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Five Score And Seven Years Ago

Relient K Audio CD
4.5 out of 5 stars  See all reviews (4 customer reviews)
Price: 10.10
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Amazon's Relient K Store

Music

Image of album by Relient K

Photos

Image of Relient K

Biography

Sometimes the best way to deal with a break-up is to write a batch of great songs about it, turn up the amplifiers and just rock out.

Think of enduring classics – from Liz Phair’s Exile In Guyville to Nine Inch Nails’ Pretty Hate Machine to Beck’s Sea Change – and how they achieved musical catharsis from the crumbling walls and crossbeams of a relationship ... Read more in Amazon's Relient K Store

Visit Amazon's Relient K Store
for 14 albums, 5 photos, discussions, and more.

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Five Score And Seven Years Ago + Mm Hmm
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Product details

  • Audio CD (5 Mar 2007)
  • Number of Discs: 1
  • Label: Parlophone
  • ASIN: B000N39H62
  • Other Editions: Audio CD  |  MP3 Download
  • Average Customer Review: 4.5 out of 5 stars  See all reviews (4 customer reviews)
  • Amazon Bestsellers Rank: 222,217 in Music (See Top 100 in Music)

1. Pleading The Fifth (A Cappella)
2. Come Right Out And Say It
3. I Need You
4. The Best Thing
5. Forgiven
6. Must Have Done Something Right
7. Give Until There's Nothing Left
8. Devastation And Reform
9. I'm Taking You With Me
10. Faking My Own Suicide
11. Crayons Can Melt On Us For All I Care
12. Bite My Tongue
13. Up And Up
14. Deathbed

Product Description

Amazon.co.uk

Relient K's fifth CD is a diverse modern rock album that's so varied at times it sounds like a mix tape. "Take the Fifth" pulses with lush, Beach Boys-y harmonies, "Forgiven" is a piano-driven tune that sounds like early U2, and the dueling guitar feedback that opens "I Need You" displays deeper punk rock heaviosity. "Faking My Own Suicide"--a great tune powered by Death Cabby vocals, ironic yet playful lyrics, and a killer classic rock organ--seems destined for a movie soundtrack. The true standout is of course "Deathbed," an intense eleven minute ode to regret co-starring Jon Foreman of Switchfoot. Relient K have not only weathered lineup changes (the bassist and guitarist are new here) and mainstream success without "selling out" and foregoing their introspective messages of faith and hope. But they've made the best album in their career in the process. --Mike McGonigal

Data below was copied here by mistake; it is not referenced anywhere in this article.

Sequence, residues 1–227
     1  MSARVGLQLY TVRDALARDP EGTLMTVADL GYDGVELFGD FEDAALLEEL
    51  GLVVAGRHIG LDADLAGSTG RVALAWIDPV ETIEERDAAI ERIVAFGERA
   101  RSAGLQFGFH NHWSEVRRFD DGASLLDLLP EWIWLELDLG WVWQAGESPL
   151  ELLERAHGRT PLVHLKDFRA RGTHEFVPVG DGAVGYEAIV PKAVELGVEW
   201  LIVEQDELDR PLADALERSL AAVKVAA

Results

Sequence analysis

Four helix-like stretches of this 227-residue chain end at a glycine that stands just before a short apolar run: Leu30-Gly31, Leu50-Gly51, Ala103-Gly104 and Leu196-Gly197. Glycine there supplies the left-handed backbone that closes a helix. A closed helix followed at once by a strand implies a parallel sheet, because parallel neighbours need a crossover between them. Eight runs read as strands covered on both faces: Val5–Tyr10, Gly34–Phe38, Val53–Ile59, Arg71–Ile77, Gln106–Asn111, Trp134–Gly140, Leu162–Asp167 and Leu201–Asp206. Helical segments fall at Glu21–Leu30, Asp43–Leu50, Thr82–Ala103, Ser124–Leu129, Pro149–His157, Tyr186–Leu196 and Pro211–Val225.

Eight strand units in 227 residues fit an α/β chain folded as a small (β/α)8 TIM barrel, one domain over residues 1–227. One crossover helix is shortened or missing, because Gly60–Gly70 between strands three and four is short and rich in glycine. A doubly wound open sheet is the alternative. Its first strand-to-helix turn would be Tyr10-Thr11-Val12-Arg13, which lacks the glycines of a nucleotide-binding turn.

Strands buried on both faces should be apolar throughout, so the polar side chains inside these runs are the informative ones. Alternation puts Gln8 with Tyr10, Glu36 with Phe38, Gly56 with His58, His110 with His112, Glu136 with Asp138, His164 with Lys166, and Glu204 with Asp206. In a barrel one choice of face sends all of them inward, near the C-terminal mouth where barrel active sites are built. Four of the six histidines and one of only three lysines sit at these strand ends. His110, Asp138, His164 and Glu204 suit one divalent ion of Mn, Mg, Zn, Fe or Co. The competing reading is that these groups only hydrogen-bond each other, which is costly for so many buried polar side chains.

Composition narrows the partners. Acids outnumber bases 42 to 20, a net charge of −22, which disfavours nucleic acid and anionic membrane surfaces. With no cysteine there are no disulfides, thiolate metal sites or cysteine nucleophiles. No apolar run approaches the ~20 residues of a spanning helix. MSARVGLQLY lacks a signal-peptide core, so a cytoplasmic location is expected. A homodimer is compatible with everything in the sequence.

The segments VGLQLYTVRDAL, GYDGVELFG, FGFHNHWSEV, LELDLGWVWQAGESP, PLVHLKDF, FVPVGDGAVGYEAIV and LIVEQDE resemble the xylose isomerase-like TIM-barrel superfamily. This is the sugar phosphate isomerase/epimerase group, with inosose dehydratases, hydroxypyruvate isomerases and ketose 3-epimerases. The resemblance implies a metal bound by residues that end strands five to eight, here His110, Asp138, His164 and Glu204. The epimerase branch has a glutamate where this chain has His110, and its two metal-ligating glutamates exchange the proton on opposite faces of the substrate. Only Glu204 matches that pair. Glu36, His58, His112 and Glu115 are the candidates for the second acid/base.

Customer Reviews

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Most Helpful Customer Reviews
4 of 4 people found the following review helpful
5.0 out of 5 stars Special K 30 Aug 2007
Format:Audio CD
If this album really was a breakfast cereal it would be coco-wheata-frostie-suga-flakes, a real mix of everything. Well, grab your biggest spoon and dig in, because it tastes grrreat!
How Relient K haven't made it bigger on this side of the pond is still a mystery. With hooks bigger than Abu Hamza and clever lyrics the UK charts could learn a thing or two from this lot. Not to be dismissed on first listen as a straightforward rock album by the likes of Lostprophets and Blink 182, obligatory guitar riffs merge with piano to give a refreshing edge. String sections, slide guitar and other instrumentation feature on tracks that aren't in the straight ahead rock mould to lift the variety of songs on the record.
Lyrically at times it's like having a dictionary burped in your face, but personally I like the fact that there are some more complex words used, only rarely coming across as clumsy. However clever and witty the lyrics may be, if you don't want to take notice then no worries, the infectious nature of the choruses will keep you suitably entertained.
With songs played for laughs like the self explanitory 'faking my own suicide', to the emotional epic closer 'Death Bed', this record will suit the rock fan with a brain. Give it a try, like me, you will soon be Relient on it!
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1 of 1 people found the following review helpful
Format:Audio CD
I got this album the week it was released and some months later I still love it. The punk/rock wall of sound this CD makes is great. Crank it up loud to appreciate it at its best. I just wish they would tour the UK. If you like the Ramones, U2, Blink 182, Stellar Kart, Everyday Sunday etc this ones for you.
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3 of 4 people found the following review helpful
5.0 out of 5 stars Best yet 11 April 2007
Format:Audio CD